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Cornfield achieves respectable yield in challenging year

Nathan Bush drone image of cornfield
LIGHT SPOTS STAND OUT: The lighter green spots in this aerial image of the Corn Watch field, taken with a drone in late July, indicate where nitrogen was running short, likely due to N losses.
Corn Watch: Here’s why late-season estimates were a bit high.

The work that went into figuring yield estimates for Factor in weaker spots when estimating yield, which was the Corn Watch article in the October issues of Farm Progress magazines, happened in early August. Timing is important because Mother Nature dealt a couple more cards afterward that made a challenging season even tougher.

First, although soils were saturated in mid-July, they soon dried out. And they stayed dry until late August. That extended dry period during the heart of grain fill affected how kernels finished the season.

Related: When applying nitrogen late helps corn most

“We split ears in half in September, and although there was good kernel depth, the kernels weren’t as plump as usual,” says Dave Nanda, director of genetics for Seed Genetics Direct, sponsor of Corn Watch. “In mid-July and even early August, it looked like it might be an exceptional corn year. But the grain fill period was too dry in many areas, and that affected kernel size.”

Second, once rains returned in late August and September, and it stayed warm, diseases picked up steam. The Corn Watch ’21 field was sprayed with a fungicide after tasseling, and that held gray leaf spot in check for a while. However, by late September, leaf samples from plants that still had some green tissue were sent to the Purdue University Plant and Pest Diagnostic Lab. Specialists confirmed four foliar diseases: gray leaf spot, tar spot, southern rust and anthracnose.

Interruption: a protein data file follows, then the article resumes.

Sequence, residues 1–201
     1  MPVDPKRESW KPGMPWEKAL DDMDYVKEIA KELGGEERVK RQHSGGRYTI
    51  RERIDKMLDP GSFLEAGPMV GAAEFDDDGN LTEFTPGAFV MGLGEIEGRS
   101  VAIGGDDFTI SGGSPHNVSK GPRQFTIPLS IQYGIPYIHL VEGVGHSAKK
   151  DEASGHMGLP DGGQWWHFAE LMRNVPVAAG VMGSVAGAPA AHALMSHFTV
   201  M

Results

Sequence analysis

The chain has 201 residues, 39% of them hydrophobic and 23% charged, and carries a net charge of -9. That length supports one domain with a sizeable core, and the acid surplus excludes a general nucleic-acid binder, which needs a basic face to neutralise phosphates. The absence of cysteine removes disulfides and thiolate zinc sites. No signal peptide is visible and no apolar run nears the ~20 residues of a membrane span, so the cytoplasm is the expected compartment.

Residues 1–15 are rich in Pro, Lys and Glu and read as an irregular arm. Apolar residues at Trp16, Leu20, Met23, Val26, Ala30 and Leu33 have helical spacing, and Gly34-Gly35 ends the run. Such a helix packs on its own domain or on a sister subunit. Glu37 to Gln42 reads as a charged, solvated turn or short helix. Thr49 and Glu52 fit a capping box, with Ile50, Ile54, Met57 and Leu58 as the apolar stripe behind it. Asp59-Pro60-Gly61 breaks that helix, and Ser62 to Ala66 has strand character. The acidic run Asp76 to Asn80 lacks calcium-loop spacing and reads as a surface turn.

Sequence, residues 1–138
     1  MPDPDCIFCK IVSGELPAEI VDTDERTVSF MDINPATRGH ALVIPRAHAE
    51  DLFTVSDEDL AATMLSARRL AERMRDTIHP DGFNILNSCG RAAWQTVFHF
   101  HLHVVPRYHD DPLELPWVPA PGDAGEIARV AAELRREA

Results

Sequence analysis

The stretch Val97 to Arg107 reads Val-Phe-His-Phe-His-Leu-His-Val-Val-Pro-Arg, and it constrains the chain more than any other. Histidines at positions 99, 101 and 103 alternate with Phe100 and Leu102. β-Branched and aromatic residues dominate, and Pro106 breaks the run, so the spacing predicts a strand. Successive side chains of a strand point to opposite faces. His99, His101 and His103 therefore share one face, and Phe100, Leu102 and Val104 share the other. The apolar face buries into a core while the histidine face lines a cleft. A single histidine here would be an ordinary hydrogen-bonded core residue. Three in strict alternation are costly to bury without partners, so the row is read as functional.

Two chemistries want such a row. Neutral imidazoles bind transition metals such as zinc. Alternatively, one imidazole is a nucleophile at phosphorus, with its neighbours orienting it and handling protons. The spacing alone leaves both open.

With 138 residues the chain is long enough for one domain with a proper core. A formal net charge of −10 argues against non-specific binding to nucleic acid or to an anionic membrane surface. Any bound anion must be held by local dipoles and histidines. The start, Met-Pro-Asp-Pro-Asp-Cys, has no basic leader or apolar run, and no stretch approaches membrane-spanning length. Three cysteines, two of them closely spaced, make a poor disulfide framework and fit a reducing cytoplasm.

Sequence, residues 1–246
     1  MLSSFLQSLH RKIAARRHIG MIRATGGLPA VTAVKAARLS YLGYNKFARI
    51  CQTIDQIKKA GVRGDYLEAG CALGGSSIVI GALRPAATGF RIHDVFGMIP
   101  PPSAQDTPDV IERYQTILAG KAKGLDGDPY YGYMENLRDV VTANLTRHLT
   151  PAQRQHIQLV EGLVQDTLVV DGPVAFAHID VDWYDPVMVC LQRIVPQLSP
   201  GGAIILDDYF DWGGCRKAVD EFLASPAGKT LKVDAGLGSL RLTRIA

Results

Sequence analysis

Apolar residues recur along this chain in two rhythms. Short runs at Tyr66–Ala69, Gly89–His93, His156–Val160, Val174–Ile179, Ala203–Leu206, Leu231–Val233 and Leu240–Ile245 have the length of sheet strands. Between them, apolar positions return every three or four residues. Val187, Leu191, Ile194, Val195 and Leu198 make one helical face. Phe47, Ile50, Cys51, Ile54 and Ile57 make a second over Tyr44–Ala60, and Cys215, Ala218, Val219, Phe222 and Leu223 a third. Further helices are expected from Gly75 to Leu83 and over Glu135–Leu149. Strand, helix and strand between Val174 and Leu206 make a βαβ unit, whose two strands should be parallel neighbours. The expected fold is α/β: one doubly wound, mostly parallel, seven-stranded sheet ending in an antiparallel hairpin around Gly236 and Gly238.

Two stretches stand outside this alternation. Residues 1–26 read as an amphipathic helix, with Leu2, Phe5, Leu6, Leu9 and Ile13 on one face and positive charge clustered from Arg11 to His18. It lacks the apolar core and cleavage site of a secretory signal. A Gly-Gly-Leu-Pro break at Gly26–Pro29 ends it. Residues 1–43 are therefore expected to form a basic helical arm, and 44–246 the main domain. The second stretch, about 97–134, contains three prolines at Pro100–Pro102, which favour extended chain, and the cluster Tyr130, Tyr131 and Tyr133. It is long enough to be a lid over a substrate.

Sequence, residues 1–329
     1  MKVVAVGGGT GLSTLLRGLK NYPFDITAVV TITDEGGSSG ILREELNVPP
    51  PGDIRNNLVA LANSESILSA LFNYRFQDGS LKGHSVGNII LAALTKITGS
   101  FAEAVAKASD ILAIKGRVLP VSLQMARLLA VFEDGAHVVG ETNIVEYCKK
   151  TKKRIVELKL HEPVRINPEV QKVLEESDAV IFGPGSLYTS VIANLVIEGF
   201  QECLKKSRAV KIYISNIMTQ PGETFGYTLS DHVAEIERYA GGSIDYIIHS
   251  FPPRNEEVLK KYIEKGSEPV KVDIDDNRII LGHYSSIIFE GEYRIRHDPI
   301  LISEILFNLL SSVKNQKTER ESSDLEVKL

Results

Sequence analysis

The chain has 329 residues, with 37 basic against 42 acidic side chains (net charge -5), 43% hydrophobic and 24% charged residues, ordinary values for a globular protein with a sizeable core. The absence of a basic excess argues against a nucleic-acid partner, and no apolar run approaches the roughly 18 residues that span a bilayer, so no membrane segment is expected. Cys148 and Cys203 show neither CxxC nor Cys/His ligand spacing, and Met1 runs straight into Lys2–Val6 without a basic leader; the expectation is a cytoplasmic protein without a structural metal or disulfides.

Yield: Estimates vs. final

This field consists of three soil types and is not pattern-tiled. Anhydrous ammonia was applied before planting. The lighter, somewhat poorly drained soils were saturated for extended periods during the first half of summer. Specialists suggest some nitrogen denitrified and escaped into the air as nitrogen gas. Obvious signs of nitrogen deficiency were evident in these spots before tasseling.

Relying on an aerial image of the field taken by a drone in late July, a rough estimate of the percentage of the field affected was developed for the October article. Yield in the hardest hit spots was estimated at 140 bushels per acre, based on plant and ear counts. Yield for the best part of the field was estimated at 255 bushels per acre. That led to a whole-field estimate of 225 bushels per acre.

Tom J. Bechman5 ears of shucked corn lying in a row

Corn kernels in fields where it didn’t rain for five or more weeks during grain fill tended to have deep but thin kernels, lacking plumpness.

After the dry spell extended much longer than expected, and once diseases set in late, Nanda lowered his expectations to 190 to 200 bushels per acre. Ears were harvested on 1/1,000 of an acre per row on two rows where corn was good, and two rows where it was affected by nitrogen deficiency. Those ears were weighed, yielding 215 and 214 bushels per acre on the better spots and 110 and 135 bushels per acre on the poorer spots. All were below earlier estimates.

Once the combine ran, the yield verified across the scales was 207 bushels per acre. That’s 92% of the yield estimated in early August. That estimate was just 8% too high. It was in the ballpark, but a tough end to a challenging year kept yield from reaching the mark, Nanda concludes.

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